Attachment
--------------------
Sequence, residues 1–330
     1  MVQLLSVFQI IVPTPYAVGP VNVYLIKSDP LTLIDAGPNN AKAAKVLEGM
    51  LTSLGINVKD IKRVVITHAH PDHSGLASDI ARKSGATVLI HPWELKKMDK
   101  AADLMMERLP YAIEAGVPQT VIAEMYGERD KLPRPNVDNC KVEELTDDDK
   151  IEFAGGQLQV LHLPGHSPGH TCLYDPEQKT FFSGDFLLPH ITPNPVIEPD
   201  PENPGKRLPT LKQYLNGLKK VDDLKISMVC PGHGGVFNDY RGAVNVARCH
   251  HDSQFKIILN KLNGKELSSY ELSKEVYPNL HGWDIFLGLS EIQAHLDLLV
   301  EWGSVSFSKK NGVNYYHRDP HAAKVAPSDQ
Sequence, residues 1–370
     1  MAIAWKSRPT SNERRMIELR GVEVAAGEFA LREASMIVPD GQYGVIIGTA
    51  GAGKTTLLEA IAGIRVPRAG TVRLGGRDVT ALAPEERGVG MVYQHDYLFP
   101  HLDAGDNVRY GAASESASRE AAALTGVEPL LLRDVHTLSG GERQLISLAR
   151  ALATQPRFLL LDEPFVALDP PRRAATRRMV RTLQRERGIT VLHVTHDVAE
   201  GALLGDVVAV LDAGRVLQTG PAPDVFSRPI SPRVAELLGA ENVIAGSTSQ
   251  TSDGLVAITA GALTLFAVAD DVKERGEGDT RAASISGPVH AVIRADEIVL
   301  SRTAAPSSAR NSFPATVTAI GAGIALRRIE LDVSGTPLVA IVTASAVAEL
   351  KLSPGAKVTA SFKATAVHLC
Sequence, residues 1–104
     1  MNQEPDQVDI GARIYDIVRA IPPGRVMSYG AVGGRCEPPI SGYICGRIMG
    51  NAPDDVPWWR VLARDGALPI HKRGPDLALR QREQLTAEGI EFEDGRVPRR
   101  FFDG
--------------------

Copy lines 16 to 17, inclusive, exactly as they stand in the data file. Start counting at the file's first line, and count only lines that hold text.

   301  SRTAAPSSAR NSFPATVTAI GAGIALRRIE LDVSGTPLVA IVTASAVAEL
   351  KLSPGAKVTA SFKATAVHLC